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Ancestral Cooking Forum

Re: "What the Slaves Ate"
In Response To: Re: "What the Slaves Ate" ()

Found this interesting account from:

African Americans in the Colonial Era: From African Origins through the American Revolution
By: Donald R. Wright

What the slaves ate depended in part on where they left Africa. Corn, millet, and rice were staples for vessels leaving the less-forested coasts (Senegambia, Angola). Yams were standard fare from the Niger Delta to the Congo River. English captains often brought provisions from home, too, and these included biscuits and dried beans for their ease of storage and general acceptance. All of these items, sometimes in combination, tended to be supplemented with peppers, palm oil, or bits of salted meat or fish. In the latter part of the eighteenth century captains added lime juice to the diet to prevent scurvy. “Three meals a day” is a modern convention that concerned slavers little. Slaves normally ate twice, morning and evening, in small groups out of communal tubs. Whatever the crew fixed usually turned out to be a soup or stew-like concoction without much variety. Each African on board consumed daily, on average, about 2,000 calories.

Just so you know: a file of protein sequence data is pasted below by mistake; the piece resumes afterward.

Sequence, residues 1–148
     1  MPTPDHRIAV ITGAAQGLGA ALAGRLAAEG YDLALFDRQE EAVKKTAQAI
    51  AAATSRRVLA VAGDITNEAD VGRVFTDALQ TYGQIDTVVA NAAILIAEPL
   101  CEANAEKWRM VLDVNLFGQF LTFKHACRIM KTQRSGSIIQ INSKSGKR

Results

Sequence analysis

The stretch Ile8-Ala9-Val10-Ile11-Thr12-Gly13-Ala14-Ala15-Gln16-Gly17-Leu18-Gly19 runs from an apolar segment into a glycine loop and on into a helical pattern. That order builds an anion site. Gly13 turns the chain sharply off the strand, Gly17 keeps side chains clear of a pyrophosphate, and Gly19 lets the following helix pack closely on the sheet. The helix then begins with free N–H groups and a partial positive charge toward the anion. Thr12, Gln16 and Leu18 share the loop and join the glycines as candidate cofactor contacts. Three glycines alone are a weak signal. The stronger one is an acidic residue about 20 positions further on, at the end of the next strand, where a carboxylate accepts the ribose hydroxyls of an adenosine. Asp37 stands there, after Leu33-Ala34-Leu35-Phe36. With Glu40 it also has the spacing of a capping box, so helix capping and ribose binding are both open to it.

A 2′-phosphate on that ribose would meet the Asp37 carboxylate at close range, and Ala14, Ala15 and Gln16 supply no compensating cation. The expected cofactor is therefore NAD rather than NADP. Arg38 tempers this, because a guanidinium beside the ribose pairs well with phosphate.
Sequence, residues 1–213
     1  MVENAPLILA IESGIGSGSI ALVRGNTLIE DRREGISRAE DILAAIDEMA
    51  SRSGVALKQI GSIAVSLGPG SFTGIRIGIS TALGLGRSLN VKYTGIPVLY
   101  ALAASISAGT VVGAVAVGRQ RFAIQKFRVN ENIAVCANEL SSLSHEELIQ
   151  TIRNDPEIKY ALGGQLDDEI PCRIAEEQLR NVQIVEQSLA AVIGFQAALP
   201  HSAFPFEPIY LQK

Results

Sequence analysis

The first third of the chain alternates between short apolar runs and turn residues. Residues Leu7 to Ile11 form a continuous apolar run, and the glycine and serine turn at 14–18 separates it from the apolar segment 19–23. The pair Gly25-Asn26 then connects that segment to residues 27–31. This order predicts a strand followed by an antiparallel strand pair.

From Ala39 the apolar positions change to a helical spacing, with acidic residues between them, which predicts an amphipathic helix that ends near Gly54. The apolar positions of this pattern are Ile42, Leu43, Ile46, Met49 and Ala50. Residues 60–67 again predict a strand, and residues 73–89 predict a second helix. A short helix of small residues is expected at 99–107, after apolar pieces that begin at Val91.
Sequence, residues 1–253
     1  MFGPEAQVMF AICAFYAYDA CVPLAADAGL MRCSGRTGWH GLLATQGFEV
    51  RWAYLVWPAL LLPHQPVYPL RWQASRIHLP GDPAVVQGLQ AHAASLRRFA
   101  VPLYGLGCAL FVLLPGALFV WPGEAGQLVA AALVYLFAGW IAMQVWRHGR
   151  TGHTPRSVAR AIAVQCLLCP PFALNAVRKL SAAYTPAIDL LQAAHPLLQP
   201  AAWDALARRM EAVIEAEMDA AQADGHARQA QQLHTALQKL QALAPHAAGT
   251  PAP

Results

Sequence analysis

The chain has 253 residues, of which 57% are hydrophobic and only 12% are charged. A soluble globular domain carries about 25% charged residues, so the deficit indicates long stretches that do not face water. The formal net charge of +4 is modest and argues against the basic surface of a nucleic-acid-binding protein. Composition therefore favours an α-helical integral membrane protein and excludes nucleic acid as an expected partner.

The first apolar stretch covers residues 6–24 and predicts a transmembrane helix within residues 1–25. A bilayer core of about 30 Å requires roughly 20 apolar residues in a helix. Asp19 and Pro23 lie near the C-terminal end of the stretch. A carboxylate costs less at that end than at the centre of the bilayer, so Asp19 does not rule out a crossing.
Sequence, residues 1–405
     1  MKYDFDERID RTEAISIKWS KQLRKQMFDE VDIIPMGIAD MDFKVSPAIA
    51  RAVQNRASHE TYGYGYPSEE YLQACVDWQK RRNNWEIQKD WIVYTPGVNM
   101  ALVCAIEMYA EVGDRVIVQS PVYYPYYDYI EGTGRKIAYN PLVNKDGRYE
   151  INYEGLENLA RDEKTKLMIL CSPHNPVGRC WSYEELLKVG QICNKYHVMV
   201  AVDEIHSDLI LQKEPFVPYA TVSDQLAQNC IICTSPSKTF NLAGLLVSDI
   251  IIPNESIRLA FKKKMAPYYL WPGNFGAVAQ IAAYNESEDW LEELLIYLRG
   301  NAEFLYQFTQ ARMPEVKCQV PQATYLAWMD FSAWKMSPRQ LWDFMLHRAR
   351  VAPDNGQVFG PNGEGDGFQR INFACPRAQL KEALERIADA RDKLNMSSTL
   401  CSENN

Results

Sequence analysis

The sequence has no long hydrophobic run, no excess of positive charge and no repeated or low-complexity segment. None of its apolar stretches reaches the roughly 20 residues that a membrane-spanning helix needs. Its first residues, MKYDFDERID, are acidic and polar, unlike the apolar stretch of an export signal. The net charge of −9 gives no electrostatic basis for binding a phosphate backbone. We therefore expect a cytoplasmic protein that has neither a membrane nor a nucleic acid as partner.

18 Dec 2002 :: 14 Nov 2008
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